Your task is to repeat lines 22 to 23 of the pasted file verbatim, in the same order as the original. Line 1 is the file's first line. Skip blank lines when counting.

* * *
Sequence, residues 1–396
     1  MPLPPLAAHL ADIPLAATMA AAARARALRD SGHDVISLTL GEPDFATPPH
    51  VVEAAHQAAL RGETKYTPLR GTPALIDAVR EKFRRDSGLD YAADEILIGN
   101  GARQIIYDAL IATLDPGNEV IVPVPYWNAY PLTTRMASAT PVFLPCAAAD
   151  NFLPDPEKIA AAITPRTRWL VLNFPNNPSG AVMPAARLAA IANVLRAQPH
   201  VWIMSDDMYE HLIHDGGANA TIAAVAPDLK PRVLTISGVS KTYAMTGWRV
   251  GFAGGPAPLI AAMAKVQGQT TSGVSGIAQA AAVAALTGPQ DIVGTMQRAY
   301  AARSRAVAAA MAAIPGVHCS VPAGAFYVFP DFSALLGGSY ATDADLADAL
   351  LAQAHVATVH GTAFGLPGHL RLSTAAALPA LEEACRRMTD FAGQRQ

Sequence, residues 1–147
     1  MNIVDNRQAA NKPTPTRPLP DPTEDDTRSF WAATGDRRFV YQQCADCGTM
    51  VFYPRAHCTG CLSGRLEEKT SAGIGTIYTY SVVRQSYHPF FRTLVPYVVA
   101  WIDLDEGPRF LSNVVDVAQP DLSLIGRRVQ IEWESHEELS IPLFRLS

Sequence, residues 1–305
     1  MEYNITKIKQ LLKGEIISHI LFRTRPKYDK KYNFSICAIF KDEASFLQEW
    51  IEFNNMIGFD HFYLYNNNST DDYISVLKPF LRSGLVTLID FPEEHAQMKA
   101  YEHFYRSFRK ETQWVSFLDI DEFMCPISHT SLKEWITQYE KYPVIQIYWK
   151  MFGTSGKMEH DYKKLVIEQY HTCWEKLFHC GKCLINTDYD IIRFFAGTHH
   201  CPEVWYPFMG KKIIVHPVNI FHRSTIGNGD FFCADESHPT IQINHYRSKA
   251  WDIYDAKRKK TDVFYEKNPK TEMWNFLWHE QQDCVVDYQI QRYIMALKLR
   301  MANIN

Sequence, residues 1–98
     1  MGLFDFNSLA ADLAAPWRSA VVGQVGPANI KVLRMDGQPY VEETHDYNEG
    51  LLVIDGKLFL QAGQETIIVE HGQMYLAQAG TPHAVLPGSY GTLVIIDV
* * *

Sequence, residues 1–98
     1  MGLFDFNSLA ADLAAPWRSA VVGQVGPANI KVLRMDGQPY VEETHDYNEG